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Effect of crop rotation and management practice on nitrate leaching from a sandy soil (Previously NT0110) - NT1805

Long term data are required to assess effectiveness of husbandry changes aimed at reducing nitrate leaching, since resultant increases in soil nitrogen reserves could counteract the initial success of such measures in some cases. This study will aim to examine influences of crop rotation and management on nitrate leaching from a sandy soil. Short and medium-term effects of different management practices (e.g. cover cropping, earlier drilling of cereals, variation of harvest data of root crops, delayed cultivation, straw incorporation and reduction in nitrogen fertilizer use) on nitrate loss will be quantified during an intensive arable rotation. Effects of management practices on yields will also be examined, with resultant data being used to develop and validate models analysing effects of agricultural practice on N balance. Results of the study will be followed through in successive years so that both management and nitrate implications for farms can be evaluated. Data from the study will contribute to knowledge of typical nitrate losses under a range of husbandry, soil and climatic conditions required by hydrologists modelling nitrates in water sources. Data will also contribute to development of modelling of both nitrate leaching and transformations in soil. Repeated measurements on the same plots over several years will be valuable in developing models and understanding the behaviour of N residues in soils.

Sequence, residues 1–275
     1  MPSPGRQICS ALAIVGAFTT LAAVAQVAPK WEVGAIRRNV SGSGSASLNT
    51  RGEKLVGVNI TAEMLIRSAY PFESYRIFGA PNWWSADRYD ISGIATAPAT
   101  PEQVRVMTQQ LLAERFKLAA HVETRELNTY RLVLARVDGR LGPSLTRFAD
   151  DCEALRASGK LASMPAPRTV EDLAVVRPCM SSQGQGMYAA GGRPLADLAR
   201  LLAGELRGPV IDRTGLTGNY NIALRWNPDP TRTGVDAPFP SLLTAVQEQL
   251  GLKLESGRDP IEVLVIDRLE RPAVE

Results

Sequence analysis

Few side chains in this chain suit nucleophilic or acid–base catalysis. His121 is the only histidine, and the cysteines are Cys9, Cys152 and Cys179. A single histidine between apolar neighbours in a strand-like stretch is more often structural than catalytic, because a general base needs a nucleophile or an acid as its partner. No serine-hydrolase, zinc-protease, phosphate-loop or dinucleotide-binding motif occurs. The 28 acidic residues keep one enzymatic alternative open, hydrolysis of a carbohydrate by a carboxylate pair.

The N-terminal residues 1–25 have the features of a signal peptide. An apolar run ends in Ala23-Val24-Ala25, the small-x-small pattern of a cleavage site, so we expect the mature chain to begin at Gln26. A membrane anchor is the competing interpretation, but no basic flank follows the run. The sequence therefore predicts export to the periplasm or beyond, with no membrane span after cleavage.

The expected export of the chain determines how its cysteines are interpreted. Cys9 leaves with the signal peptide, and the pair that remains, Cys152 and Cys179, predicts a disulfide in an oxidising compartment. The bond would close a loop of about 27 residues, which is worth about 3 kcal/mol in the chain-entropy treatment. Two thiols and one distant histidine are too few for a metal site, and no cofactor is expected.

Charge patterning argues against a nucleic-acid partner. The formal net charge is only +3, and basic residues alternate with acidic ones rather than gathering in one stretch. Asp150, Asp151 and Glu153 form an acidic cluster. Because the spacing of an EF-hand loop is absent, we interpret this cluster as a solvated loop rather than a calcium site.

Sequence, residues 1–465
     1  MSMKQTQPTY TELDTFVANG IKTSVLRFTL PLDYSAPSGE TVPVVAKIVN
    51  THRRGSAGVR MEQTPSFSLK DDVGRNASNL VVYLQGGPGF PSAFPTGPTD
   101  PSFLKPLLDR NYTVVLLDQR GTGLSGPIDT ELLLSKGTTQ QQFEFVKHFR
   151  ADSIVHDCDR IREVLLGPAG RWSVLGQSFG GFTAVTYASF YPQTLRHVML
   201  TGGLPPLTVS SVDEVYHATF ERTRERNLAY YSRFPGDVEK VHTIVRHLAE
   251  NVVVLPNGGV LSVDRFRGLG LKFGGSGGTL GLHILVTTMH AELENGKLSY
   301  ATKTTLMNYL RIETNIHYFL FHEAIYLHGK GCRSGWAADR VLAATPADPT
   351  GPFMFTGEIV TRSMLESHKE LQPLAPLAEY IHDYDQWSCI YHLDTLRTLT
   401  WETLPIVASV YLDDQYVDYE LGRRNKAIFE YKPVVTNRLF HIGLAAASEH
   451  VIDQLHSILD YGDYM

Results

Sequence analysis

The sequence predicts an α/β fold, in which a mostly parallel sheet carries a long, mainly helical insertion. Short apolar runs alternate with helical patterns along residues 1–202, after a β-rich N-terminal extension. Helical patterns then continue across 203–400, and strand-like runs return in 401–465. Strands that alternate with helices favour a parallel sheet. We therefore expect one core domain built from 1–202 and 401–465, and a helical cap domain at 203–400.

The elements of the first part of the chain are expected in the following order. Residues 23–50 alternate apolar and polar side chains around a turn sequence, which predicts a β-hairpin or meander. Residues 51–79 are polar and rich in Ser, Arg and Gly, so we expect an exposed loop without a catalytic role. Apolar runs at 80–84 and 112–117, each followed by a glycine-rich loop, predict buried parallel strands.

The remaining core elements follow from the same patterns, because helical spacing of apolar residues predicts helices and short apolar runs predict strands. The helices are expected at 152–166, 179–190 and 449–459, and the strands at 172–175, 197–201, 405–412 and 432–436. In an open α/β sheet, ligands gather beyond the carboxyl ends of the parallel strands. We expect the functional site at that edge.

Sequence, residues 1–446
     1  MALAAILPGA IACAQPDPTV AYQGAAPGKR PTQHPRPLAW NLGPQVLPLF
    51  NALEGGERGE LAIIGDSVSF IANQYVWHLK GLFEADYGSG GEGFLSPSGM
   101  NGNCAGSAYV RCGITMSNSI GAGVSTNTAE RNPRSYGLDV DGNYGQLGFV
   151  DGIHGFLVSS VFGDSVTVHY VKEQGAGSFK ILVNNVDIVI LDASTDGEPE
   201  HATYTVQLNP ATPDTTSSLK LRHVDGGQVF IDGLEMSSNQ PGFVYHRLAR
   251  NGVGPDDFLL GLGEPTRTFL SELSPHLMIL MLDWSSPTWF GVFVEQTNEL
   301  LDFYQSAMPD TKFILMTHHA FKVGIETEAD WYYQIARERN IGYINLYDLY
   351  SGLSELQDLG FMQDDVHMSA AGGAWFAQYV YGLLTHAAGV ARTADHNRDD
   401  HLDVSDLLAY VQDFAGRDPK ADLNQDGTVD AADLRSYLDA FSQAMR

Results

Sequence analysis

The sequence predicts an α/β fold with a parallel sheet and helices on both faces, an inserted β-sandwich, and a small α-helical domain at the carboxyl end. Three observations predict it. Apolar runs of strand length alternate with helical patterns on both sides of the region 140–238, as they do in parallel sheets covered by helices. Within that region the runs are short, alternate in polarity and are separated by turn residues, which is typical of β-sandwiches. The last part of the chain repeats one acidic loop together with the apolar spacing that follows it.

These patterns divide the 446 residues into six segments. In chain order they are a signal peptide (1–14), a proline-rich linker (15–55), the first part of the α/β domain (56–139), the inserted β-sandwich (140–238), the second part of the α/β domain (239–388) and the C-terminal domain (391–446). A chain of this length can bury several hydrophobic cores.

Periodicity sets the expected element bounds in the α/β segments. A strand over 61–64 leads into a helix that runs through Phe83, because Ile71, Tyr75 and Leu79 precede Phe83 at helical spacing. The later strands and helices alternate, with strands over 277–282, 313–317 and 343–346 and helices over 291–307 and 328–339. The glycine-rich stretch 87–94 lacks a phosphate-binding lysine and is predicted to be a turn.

Project Documents
• Final Report : Effect of crop rotation and management practice on nitrate leaching from a sandy soil (Previously NT0110)   (408k)
Time-Scale and Cost
From: 1995

To: 1998

Cost: £351,503
Contractor / Funded Organisations
Fields of Study
Fertilisers and Nitrate Pollution